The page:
The U.S. House of Representatives passed long-sought-after communications surveillance reform legislation on May 22, but last-minute changes to the bill had one-time supporters criticizing it as weak.
The bill (H.R. 3361), also known as the USA Freedom Act, amends the Foreign Intelligence Surveillance Act (FISA) of 1978, adding restrictions on the use of FISA by the National Security Agency to prevent the indiscriminate collection the phone records and other communications of U.S. citizens. Yet changes to the legislation earlier in the week caused many of the original supporters of the legislation to back away from supporting the bill.
Critics fear that changes to the definitions of what types of records can be targeted continue to leave open the possibility of mass surveillance.
"I am troubled by the changes that were made to the bill behind closed doors that stripped key protections and open the door to bulk collection," U.S. Representative Bennie G. Thompson, D-Miss., a ranking member of the House Committee on Homeland Security, said in a statement. "The Privacy and Civil Liberties Oversight Board found that the NSA's bulk collection of metadata is illegal and called for it to be stopped."
Civil liberties groups, such as the Electronic Frontier Foundation (EFF) and the American Civil Liberties Union (ACLU), spoke out against the amendments to the bill. On May 20, the EFF released an analysis that took issue with the amended bill's modified definitions of what information could be targeted as well as the lack of reform to a second section of FISA, Section 702, which covers intelligence collection about foreign individuals outside the United States. Finally, the EFF and other groups had called for a special advocate to be present during FISA Court hearings that could represent the interests of the people of the United States.
The EFF's analysis took exception to the relaxing of the definition of the terms that limit the NSA's collection.
"The new version not only adds the undefined words 'address' and 'device,' but makes the list of potential selection terms open-ended by using the term 'such as,'" the analysis stated. "Congress has been clear that it wishes to end bulk collection, but given the government's history of twisted legal interpretations, this language can't be relied on to protect our freedoms."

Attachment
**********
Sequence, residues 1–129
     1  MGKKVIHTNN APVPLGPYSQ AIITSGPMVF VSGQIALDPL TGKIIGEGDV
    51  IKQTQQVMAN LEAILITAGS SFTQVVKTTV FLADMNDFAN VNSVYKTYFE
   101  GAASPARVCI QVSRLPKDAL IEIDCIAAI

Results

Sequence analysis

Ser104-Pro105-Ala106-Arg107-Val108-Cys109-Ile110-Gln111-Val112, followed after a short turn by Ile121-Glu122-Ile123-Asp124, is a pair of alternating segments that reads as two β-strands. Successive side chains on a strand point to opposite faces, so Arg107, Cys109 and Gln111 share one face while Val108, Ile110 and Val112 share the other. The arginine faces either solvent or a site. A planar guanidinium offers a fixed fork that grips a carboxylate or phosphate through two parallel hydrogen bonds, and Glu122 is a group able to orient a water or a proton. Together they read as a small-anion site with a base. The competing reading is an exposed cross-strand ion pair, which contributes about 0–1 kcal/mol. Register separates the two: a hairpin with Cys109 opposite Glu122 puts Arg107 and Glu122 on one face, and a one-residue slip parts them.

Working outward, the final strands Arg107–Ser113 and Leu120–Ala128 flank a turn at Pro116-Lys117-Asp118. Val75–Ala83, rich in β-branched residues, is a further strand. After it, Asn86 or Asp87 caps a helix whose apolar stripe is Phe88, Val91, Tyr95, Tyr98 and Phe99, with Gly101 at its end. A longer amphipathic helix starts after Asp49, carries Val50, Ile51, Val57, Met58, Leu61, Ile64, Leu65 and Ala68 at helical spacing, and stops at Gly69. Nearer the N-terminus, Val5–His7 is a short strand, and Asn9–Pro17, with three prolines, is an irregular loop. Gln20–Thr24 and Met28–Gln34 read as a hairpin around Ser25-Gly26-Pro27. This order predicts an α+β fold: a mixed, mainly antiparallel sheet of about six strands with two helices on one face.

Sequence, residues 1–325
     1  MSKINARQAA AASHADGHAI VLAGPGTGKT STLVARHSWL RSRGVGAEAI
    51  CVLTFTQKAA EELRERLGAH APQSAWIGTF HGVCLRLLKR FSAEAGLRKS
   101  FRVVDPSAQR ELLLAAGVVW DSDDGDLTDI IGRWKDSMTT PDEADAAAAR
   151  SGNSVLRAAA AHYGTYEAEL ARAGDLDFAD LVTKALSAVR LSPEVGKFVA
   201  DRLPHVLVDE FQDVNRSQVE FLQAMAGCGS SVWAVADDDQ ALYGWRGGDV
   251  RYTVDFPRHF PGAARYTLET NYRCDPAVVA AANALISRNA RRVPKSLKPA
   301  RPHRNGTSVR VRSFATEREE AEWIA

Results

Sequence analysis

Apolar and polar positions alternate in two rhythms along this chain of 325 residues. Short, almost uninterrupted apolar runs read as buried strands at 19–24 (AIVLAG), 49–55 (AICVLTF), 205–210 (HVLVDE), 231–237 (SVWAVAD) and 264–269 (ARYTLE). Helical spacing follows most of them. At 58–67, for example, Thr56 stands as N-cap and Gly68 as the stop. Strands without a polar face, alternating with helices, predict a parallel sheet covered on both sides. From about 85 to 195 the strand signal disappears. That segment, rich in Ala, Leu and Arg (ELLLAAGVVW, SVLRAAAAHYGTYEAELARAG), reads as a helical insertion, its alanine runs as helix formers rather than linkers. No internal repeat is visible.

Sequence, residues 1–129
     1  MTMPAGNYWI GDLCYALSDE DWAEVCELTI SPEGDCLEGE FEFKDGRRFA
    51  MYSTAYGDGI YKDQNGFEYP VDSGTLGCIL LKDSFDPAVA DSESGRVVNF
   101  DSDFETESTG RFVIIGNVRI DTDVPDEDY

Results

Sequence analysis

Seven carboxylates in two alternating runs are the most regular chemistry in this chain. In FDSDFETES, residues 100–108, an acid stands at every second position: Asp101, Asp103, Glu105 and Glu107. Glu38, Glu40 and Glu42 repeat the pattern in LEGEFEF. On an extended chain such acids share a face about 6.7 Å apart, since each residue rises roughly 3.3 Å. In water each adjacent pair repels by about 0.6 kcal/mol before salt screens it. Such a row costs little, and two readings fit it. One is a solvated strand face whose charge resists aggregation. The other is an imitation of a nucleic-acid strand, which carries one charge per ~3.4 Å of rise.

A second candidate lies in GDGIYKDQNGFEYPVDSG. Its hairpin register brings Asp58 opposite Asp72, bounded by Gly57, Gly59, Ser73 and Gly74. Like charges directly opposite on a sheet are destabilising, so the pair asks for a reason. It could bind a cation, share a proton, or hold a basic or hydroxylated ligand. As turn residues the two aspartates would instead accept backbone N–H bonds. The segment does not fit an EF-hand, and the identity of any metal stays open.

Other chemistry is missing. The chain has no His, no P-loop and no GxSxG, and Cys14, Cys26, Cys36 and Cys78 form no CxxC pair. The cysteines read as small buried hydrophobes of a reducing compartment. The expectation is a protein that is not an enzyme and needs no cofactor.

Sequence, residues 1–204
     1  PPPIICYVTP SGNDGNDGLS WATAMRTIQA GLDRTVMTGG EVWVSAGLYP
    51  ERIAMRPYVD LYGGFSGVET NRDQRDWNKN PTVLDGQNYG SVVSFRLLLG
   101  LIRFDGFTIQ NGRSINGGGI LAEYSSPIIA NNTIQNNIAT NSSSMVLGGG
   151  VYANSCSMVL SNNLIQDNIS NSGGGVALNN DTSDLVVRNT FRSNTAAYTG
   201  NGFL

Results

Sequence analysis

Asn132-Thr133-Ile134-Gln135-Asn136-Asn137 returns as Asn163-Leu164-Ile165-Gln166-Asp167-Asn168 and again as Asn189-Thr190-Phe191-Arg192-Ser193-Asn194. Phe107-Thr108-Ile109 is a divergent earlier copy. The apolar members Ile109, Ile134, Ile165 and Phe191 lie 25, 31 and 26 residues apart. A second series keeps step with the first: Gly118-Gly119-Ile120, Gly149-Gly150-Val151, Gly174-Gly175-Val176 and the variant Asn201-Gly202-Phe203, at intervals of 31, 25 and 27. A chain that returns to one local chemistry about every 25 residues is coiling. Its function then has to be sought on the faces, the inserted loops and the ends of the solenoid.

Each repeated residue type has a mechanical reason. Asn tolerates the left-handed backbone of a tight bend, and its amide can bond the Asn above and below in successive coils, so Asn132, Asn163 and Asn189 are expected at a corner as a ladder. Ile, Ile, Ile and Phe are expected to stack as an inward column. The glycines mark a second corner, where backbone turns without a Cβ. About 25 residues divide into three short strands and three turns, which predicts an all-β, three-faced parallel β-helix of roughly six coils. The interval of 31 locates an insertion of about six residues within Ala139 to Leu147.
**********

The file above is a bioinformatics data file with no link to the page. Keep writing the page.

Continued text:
"Earlier today, House Leadership reached an agreement to amend the bipartisan USA FREEDOM Act in ways that severely weaken the bill, potentially allowing bulk surveillance of records to continue. The Electronic Frontier Foundation cannot support a bill that doesn't achieve the goal of ending mass spying.
The ACLU also criticized the changes, but welcomed legislation that moves the nation ahead with needed surveillance reforms.
"While far from perfect, this bill is an unambiguous statement of congressional intent to rein in the out-of-control NSA," Laura W. Murphy, director of the ACLU's Washington Legislative Office, said. "While we share the concerns of many—including members of both parties who rightly believe the bill does not go far enough—without it we would be left with no reform at all, or worse, a House Intelligence Committee bill that would have cemented bulk collection of Americans' communications into law."
The critics of the legislation, such as the ACLU and EFF, pledged to work to modify the bill as it is considered in the Senate.
"With the passage of this measure, I now call on the Senate to work expeditiously and approve legislation that leaves no room for bulk collection to continue," Representative Thompson said.